// Matthew Klane



From “Area 37”


"No one else in the wealthy area." -- Leslie Scalapino

"I would never see towns again, or green fields. I would never walk
down the street again, mixing with a crowd of people. And I would not see
any more sunshine." -- X127



                                   Day 1.


                                I did in . . .

               crushed the button . . .


                                             din ion catacomb.

No one else amasses such              succession.

       No one else lets atoms lapse it's simple


       classes of metal phenomena, strata . . .

                                                 phren, abdominal.

No data-life graphed internally over

            yielded such infernal feelings,

       thoughts, impressions, things I did . . .

I confess,                                        my fiery.









                             Day 1.


          Diposition lithosphere . . .

                                        (per loss of activity)

              I feel it going underground

Far from fences, flatland, highway, city:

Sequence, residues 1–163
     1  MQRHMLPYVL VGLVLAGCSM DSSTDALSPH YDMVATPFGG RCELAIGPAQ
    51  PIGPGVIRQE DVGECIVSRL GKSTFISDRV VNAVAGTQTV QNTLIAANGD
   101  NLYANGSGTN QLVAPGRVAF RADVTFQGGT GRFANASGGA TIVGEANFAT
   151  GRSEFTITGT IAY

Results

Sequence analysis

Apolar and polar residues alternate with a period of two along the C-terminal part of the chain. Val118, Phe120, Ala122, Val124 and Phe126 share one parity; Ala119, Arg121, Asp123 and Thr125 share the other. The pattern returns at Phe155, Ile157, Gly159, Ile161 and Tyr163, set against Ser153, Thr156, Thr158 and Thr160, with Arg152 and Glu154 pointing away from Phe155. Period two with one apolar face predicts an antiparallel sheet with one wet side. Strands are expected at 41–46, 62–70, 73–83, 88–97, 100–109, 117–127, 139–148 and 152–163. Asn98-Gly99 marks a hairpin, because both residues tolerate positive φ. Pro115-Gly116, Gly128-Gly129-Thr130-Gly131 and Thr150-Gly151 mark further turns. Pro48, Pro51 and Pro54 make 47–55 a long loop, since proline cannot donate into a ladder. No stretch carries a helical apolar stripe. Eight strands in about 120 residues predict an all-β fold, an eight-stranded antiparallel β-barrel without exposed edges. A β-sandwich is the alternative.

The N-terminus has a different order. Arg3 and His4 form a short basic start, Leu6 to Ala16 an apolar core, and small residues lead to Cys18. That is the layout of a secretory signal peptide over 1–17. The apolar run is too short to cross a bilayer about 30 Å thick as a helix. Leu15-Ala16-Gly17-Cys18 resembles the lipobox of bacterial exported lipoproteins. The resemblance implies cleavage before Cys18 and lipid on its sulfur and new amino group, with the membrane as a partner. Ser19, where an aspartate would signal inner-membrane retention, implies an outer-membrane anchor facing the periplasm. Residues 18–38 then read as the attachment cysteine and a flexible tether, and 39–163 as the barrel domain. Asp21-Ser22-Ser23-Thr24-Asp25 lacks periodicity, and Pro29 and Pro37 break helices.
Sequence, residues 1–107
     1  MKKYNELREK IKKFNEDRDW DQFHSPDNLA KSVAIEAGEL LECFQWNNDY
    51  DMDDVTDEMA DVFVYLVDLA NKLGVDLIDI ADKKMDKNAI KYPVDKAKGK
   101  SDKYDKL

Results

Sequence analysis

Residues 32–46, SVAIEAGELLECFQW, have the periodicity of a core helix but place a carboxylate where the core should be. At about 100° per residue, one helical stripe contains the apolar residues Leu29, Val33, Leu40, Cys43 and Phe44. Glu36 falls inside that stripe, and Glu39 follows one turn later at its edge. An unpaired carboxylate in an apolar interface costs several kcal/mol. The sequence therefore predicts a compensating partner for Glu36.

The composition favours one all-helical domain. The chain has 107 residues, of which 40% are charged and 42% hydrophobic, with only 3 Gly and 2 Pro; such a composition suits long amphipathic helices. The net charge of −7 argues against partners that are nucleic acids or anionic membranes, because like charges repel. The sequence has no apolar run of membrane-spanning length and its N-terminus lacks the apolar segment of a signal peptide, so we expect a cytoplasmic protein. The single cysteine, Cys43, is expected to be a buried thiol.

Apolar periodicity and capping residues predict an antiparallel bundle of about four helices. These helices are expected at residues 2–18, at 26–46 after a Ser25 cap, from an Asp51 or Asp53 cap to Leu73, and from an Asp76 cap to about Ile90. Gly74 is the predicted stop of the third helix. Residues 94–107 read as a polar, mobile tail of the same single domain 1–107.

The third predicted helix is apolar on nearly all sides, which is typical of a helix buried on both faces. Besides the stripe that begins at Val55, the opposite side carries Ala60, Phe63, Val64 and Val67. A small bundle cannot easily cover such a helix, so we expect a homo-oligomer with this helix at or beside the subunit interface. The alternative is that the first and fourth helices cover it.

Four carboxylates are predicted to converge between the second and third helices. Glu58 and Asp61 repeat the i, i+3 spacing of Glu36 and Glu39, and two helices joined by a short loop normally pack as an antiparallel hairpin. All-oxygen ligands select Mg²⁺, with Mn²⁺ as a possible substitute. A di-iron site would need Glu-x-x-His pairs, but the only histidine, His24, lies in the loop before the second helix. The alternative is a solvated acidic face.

into the cracks,

                                             through the flosses, and

                                                     past the axe.

                       As opposed to

                         natural disaster . . .

successful suicide,

                                  the status of spilt guts,

                 my last experiment:

                          cement in reference to something.

                                the sum of all crevices.








                                                              Day 1.


             Heaven has the air frozen.

                   Char has a flare for.             Irrupting

  construction in general:                    skyscraper, sun,

                                    bus station, pressure,

                                           no weather.

                         No one else in the wealthy area.

                                                Only static symbols,

                    ashy statues grasping at plastic.

It's all still hyperbole . . .                         semantics:

        iota the land and

                                       into the isobar.


                                                    The hell up there.



Matthew Klane received an MA in poetics from the State University of New York at Buffalo in 2003. He now lives and writes outside of Albany, NY.

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